They arrive as individuals and they arrive as flocks so large that they darken the sky. Some move in silence and some shake the ground with thunderous flight. They fill niches left empty by the southward flow of our summer residents. They join year-round inhabitants and elbow their way up to the table.
They are winter visitors, guests in our city, migrants who arrive at White Rock Lake to spend the cold season in Dallas, a place where the word ‘cold’ only applies as an exception—and rarely in a way that compares to where they came from.
Northern shovelers (Anas clypeata), a male in the foreground and a female in the background. Unique ducks, what with that spatulate bill that looks like…well, it looks like a shovel.
A juvenile yellow-rumped warbler (a.k.a. myrtle warbler or Audubon’s warbler; Dendroica coronata). By spring these birds will put on a showy dress of mating plumage that can leave a man breathless. Abundant in winter to the point of excess, their voices fill the air with sweet melodies that seem hardly comparable to their small size.
A golden-crowned kinglet (Regulus satrapa) who grabbed a quick bite to eat before realizing I stood watching it. Unlike their cousins the ruby-crowned kinglets (Regulus calendula), golden-crowned kinglets do not arrive in vast numbers and do not act so blatant in their foraging, so fearless in their encounters, so devil-may-care in their activities. Finding them is more of a challenge.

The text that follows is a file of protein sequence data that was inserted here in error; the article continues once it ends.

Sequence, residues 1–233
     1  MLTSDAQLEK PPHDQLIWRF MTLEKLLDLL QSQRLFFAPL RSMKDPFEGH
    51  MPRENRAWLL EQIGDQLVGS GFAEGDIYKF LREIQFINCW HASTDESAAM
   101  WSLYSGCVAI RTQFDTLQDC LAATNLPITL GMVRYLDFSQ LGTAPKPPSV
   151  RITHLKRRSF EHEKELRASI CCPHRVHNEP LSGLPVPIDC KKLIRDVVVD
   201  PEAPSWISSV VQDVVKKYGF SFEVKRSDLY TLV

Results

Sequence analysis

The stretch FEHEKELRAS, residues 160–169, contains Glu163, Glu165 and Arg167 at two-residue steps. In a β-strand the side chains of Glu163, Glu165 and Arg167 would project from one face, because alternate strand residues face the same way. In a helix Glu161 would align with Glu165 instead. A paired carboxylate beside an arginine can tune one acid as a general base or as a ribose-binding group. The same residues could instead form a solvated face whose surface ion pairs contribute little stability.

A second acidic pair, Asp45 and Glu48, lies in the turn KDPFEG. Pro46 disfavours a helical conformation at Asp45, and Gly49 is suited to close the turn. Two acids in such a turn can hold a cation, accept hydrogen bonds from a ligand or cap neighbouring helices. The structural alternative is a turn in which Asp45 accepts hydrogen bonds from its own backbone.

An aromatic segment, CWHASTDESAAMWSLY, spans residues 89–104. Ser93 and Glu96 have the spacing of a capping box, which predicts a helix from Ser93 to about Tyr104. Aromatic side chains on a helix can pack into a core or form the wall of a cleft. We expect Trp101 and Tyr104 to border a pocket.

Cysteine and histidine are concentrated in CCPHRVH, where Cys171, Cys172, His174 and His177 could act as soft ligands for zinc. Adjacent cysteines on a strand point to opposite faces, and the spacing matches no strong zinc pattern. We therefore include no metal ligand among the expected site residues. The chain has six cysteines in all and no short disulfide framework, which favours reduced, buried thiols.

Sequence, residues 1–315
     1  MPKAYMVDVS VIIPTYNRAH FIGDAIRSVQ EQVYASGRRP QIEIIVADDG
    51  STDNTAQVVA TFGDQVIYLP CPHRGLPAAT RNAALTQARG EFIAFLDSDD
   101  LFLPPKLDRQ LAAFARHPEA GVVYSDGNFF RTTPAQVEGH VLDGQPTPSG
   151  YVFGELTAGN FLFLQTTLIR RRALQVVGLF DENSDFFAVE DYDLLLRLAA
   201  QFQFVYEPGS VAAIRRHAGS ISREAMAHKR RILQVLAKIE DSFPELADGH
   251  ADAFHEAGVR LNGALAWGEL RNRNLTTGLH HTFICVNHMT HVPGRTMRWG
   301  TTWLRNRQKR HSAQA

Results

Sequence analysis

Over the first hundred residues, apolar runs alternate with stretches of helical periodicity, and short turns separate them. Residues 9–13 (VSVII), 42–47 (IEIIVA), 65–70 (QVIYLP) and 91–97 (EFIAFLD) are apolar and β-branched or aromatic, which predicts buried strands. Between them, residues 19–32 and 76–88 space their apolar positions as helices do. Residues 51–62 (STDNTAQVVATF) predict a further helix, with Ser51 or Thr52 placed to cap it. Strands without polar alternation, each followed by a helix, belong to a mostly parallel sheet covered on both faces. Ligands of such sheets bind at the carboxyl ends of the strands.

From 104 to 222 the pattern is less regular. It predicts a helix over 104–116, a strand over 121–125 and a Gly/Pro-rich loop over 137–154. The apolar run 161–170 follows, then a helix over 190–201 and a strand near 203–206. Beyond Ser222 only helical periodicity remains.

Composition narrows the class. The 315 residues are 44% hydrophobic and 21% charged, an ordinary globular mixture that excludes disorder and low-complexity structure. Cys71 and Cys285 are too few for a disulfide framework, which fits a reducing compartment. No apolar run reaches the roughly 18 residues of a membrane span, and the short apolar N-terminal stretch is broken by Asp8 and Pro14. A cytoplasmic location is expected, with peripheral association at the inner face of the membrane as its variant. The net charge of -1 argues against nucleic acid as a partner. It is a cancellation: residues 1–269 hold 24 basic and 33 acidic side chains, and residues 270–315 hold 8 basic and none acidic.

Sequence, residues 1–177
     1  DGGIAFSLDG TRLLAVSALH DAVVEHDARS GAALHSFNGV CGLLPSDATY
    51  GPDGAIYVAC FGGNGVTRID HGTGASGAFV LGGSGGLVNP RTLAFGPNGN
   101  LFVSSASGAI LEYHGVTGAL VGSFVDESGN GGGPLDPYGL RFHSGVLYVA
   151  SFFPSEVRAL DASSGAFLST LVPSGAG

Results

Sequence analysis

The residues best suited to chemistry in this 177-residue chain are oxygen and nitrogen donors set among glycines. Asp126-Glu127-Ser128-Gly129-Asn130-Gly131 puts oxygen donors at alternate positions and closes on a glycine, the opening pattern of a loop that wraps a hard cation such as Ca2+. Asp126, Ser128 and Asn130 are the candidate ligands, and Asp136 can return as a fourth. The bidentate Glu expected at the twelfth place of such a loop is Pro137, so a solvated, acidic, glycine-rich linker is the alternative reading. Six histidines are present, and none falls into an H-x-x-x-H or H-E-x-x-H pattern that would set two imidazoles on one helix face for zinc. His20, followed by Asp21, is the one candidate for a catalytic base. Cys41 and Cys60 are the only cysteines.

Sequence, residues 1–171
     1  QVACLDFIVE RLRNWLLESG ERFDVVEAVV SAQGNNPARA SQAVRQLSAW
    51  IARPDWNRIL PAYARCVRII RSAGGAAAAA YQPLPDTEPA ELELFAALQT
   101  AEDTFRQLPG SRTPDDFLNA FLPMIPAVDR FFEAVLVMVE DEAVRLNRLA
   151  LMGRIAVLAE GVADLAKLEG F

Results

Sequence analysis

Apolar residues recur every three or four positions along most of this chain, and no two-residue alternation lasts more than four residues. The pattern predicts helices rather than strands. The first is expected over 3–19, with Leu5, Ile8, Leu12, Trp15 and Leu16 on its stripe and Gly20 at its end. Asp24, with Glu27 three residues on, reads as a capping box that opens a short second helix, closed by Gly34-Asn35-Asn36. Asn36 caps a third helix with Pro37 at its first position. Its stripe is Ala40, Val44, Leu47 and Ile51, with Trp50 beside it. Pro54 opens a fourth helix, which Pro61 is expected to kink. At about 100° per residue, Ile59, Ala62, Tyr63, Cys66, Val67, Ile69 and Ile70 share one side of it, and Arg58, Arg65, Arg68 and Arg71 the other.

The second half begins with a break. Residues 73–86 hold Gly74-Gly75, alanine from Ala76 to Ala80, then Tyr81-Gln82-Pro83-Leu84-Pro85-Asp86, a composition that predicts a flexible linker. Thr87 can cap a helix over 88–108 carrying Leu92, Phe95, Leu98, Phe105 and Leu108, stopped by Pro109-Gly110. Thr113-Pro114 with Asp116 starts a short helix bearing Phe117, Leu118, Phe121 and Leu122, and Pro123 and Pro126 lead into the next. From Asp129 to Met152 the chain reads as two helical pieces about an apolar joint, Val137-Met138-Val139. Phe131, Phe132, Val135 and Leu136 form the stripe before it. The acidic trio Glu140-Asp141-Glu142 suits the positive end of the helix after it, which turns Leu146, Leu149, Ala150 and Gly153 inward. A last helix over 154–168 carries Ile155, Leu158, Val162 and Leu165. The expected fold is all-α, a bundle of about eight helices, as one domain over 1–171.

A white-breasted nuthatch (Sitta carolinensis). Yes, it hung upside-down on the side of a tree. And yes, that’s a typical foraging position for them. This individual left our photography session to go argue with a titmouse. Amazingly, the titmouse lost.
A male ruddy duck (Oxyura jamaicensis). Rarely seen on land because their legs are so far back on their bodies that it makes them awkward and uncomfortable, they sleep in the water, feed in the water, relax in the water… Let’s just say this: I’ve never seen one on land.
My winter nemesis: the brown creeper (Certhia americana). The size of a wren, silent, perfectly camouflaged for lurking about tree bark, and as the name implies, always creeping, always moving. These birds catch my attention only with movement. Unless they’re on the side of a tree where I get a profile view, they can be difficult to find and difficult to photograph.
And when I find one on the side of a tree like this, they don’t stay that way for long. They pause only to investigate possible food, then they move on to the next crevice, the next shadow, the next limb.